Agamben suggests that homo sacer is bound up with notions of sovereignty. Sovereignty is determined by what is included and what is excluded from the jurisdiction of a sovereign. Although a sovereign has the power to suspend the validity of law and, therefore, to stand outside the law, the sovereign may lose that privilege and become the sacred man who no longer has rights granted and secured by the polis, and who may be killed, but not sacrificed. According to this paradigm, the sovereign is a man—a king or a monarch—who embodies statehood and sovereignty. The body of this man is itself the site of law so long as the man remains the sovereign; as soon as the man is no longer sovereign, his body ceases to be the site of the law.
Žižek seems less concerned with the idea of sovereignty implicated by the term homo sacer. He focuses, instead, on the “outsider,” “fugitive,” or “noncitizen” aspect of homo sacer. He defines today’s homo sacer as “the privileged object of humanitarian biopolitics: the one who is deprived of his or her full humanity being taken care of in a very patronizing way.” Žižek’s examples of today’s homo sacer include John Walker, the American who fought with the Taliban; the sans papers in France; the inhabitants of the favelas in Brazil; people in the African-American ghettos in the United States; an American war plane flying above Afghanistan; and others. None of these examples describes groups or persons who once enjoyed the power of a sovereign. All of these groups or persons have in common an ambiguous status in relation to the law of the polis.
Žižek shares with Agamben the notion that homo sacer is, or can be, the embodiment of the state of exception: the one who is excluded from the polis, who neither makes laws nor enjoys the protection of laws. By sidestepping Agamben’s proposition that the sovereign body is the constitution of sovereignty—a move that might have to do with Žižek’s criticism of Agamben as wedded to the dialectics of the Enlightenment and to Foucault’s disciplinary power or biopower—Žižek is able to raise profound and troubling questions about the status of every one of us regarding homo sacer. He asks, for instance, “What if the true problem is not the fragile status of the excluded but, rather, the fact that, on the most elementary level, we are all ‘excluded’ in the sense that our most elementary, ‘zero’ position is that of an object of biopolitics, and that possible political and citizenship rights are given to us as a secondary gesture, in accordance with biopolitical strategic considerations?” Žižek does not answer this question, but the answer, disturbing as it is, seems implied in the question.
 Giorgio Agamben. Homo Sacer: Sovereign Power and Bare Life. Stanford University Press, 1995. Pg. 71.
It is the lawyer’s errand to analyze complicated texts, ferret out details, argue fine points, and consider the facts of experience in light of their implications for and because of rules and regulations. The task of the lawyer is to scrutinize and produce particulars. Rarely is the lawyer afforded the time and privilege to contemplate the sum of the particulars. That is unfortunate because tasks and particulars necessarily interact to produce the law, and the lawyer ought to know something of the fundamental bases of his profession.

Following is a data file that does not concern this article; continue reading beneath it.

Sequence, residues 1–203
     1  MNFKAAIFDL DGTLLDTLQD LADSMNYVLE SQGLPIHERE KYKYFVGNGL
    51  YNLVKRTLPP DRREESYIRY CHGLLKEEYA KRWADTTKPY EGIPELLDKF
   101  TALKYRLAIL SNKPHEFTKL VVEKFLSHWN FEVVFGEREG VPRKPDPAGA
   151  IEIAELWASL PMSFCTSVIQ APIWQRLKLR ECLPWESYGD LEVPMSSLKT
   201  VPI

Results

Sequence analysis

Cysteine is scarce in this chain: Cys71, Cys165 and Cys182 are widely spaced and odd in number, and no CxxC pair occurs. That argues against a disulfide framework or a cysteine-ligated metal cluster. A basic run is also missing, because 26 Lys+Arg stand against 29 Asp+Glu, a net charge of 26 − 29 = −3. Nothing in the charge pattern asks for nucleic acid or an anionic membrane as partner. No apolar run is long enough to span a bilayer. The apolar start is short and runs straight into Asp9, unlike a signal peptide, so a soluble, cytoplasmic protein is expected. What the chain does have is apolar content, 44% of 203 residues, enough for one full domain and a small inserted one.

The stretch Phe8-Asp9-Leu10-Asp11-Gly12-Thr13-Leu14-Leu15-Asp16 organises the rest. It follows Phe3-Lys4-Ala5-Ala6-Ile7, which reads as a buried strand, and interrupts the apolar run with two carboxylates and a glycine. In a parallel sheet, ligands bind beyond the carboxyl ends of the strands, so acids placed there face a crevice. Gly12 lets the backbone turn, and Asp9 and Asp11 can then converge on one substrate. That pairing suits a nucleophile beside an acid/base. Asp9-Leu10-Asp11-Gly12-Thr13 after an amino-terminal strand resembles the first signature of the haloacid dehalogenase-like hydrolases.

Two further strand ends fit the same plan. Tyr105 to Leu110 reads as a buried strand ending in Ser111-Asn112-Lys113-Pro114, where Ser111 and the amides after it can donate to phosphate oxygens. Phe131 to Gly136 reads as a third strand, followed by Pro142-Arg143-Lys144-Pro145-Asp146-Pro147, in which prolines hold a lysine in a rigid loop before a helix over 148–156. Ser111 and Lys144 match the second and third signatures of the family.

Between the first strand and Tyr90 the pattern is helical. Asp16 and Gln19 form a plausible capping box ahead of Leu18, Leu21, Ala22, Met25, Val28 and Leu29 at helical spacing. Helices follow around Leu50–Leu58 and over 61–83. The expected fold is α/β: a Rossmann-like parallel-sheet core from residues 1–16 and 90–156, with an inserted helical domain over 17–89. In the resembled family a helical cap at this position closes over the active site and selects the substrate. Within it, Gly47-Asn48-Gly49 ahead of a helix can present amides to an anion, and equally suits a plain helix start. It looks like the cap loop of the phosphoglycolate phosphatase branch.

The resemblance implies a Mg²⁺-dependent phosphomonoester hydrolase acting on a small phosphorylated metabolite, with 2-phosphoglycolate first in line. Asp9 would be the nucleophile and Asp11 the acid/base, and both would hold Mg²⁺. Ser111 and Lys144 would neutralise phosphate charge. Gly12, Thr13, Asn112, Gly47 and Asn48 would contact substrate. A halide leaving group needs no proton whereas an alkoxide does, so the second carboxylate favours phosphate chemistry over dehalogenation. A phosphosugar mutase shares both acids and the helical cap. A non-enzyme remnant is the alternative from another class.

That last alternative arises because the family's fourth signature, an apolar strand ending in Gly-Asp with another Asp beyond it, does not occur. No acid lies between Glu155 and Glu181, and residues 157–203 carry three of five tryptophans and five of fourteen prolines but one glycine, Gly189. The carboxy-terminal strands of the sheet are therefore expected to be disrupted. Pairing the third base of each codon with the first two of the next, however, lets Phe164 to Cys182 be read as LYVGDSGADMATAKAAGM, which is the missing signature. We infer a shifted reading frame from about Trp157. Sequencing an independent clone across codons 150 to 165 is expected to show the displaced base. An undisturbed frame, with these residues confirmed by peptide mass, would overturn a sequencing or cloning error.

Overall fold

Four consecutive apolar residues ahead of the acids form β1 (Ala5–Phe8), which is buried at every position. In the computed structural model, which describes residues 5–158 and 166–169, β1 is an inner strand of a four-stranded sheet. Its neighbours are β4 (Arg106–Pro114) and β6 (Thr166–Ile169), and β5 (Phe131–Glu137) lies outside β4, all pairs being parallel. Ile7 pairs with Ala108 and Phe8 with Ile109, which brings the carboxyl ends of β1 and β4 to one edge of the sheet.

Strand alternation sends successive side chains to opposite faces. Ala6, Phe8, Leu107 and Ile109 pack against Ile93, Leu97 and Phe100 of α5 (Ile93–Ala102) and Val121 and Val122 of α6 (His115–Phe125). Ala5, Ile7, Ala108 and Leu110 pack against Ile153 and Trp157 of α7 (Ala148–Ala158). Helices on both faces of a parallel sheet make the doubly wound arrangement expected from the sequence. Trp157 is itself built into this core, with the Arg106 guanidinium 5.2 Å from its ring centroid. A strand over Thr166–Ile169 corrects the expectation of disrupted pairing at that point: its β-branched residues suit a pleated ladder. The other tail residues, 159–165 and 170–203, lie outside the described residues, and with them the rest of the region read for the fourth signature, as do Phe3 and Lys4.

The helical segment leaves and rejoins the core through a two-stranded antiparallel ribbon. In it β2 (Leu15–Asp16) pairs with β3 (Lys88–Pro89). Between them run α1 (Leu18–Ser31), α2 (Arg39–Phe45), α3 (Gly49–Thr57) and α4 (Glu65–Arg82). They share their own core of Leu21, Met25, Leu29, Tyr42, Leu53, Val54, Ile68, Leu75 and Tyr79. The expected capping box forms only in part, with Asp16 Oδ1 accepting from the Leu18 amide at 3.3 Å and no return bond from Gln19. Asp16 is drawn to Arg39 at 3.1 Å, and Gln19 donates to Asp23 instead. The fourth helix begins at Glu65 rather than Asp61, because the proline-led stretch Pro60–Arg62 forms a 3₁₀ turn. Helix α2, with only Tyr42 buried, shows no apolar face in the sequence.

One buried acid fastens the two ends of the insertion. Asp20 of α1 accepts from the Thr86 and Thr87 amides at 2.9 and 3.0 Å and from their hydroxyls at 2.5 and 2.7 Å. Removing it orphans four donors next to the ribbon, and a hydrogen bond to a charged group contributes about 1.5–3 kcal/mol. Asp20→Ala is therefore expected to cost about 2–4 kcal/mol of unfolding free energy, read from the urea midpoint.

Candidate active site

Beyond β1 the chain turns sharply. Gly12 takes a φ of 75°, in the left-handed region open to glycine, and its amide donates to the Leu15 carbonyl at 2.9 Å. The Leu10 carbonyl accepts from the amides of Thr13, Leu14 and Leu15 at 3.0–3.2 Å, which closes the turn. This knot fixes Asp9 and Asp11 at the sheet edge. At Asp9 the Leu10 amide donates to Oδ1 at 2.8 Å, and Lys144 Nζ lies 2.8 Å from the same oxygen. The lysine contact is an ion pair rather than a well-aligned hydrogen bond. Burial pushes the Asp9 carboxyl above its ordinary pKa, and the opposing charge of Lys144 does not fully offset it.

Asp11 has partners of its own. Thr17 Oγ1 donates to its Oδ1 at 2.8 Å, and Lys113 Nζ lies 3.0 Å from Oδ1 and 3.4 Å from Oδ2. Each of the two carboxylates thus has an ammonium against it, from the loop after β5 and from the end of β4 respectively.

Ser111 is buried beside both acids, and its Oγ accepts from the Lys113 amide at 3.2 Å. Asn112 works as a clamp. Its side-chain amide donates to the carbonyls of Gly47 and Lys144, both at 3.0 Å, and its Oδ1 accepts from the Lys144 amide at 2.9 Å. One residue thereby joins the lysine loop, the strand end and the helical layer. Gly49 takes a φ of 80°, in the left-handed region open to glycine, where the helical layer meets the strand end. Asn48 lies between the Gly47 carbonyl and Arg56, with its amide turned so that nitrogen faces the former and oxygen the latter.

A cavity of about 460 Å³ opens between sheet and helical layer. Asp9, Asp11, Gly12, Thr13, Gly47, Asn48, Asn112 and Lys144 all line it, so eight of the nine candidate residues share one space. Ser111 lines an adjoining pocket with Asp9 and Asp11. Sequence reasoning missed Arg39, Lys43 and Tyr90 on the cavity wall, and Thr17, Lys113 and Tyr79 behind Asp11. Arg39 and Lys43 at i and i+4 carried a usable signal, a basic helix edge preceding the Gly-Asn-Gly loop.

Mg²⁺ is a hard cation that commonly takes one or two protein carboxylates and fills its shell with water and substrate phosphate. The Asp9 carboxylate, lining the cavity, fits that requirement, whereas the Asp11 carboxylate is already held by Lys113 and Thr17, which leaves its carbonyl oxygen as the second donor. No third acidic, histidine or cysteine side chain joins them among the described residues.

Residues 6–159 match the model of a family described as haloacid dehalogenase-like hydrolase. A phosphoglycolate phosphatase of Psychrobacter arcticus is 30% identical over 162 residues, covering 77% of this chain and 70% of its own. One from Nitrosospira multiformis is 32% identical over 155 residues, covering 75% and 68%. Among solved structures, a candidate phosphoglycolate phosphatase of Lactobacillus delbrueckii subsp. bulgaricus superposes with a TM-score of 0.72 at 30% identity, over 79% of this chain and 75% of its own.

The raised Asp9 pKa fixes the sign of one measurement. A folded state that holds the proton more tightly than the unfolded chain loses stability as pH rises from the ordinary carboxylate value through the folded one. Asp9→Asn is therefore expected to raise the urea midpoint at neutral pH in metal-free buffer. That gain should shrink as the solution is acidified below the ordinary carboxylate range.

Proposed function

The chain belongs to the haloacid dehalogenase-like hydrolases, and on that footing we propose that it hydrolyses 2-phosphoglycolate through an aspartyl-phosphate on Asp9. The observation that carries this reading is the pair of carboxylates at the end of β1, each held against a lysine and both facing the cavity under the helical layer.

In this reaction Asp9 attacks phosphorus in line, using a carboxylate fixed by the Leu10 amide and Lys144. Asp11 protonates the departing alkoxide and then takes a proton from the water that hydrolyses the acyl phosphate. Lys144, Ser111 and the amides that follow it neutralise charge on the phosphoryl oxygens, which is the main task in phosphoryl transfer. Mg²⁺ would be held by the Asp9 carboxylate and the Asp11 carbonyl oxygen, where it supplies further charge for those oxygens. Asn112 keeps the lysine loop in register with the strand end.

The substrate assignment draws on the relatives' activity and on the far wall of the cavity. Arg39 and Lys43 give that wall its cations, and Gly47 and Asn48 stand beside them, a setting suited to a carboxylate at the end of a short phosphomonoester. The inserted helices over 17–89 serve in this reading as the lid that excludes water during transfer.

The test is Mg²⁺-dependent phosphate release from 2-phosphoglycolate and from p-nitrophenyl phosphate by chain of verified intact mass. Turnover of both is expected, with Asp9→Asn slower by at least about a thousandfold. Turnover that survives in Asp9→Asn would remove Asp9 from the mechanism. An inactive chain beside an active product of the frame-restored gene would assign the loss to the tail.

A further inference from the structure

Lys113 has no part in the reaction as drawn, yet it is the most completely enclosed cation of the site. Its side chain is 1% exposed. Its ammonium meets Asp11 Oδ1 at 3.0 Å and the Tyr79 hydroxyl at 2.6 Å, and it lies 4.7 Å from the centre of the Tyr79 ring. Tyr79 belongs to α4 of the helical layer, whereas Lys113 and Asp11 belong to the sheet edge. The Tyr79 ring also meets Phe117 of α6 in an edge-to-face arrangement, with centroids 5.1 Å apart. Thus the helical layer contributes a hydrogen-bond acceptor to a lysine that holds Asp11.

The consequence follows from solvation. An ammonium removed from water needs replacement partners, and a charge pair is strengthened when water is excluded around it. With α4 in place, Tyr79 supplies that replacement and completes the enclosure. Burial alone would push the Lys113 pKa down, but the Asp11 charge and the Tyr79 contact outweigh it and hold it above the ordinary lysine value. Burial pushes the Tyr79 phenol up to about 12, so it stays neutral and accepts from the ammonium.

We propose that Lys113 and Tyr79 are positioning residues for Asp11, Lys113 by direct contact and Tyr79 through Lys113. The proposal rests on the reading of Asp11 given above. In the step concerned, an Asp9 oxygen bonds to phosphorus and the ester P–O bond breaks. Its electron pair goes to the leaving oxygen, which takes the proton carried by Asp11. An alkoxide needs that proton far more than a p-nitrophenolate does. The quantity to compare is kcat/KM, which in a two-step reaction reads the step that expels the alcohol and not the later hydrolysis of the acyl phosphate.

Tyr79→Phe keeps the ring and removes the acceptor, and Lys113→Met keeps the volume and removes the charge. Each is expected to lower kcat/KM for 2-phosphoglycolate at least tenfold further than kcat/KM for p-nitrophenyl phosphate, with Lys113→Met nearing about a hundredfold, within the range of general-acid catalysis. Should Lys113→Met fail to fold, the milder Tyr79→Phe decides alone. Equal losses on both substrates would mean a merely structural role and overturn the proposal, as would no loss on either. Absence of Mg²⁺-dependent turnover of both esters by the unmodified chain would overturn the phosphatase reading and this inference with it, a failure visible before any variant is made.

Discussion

If the lawyer were to add up all of his activities in a single workday—reading his email, drafting his motions, calling his clients, billing his time—the result would not be “the law” as such, but at most a police description of the constituent elements of legal practice. From these elements he can infer some generalizations about the law as an ontological and epistemological category, but he cannot name or describe the law as a clear concept that will make sense to future lawyers or that would have made sense to lawyers long ago.
Most lawyers are like the prisoners in Plato’s allegory of the cave: bound by their daily routines and habits of mind and looking forward at the shadows, those sensible particulars that are merely images of copies of the true forms. There are a few philosopher lawyers—very few, I might add, for the lawyer is, as Plato indicates, part of the auxiliary class, beneath the philosopher kings—who look beyond the quotidian operations of the workaday world, or the fashionable legislation that temporarily passes for authoritative rules and regulations, or the administrative systems that seek short term solutions to minor and momentary problems, or the endless monotony of calendars and deadlines to see the real objects of sensation and to achieve a higher, more holistic stage of cognition. These few philosopher lawyers know what the law is despite what the statutes or the judges proclaim it to be.
The following excerpt first appeared as part of the Routledge Annotated Bibliography of English Studies series.
This book is a compilation of literary essays that at first blush seem to have no through line save for an attention to law in the abstract. Nevertheless, each chapter is connected by the theme of justice and the relation of language to both law and literature.
Á la Flaubert, the book treats justice as the supreme literary value, and it distinguishes between the justice of literature and the literariness of justice. Language has its own jurisdiction and can be used judiciously, and the author seems to believe that signifiers can represent the phenomenal world in ways that have a practical bearing in law. By the same token, language itself is regulated by laws even as it enacts laws. The author discusses literary justice as a poetic expression of the material world.
The phrase “poetic justice” refers to the possibility that poetry might offer something better than truth in order to bring about justice; the truly poetic is just. Genre and jurisdiction resemble one another in their conceptual claims to authority or law.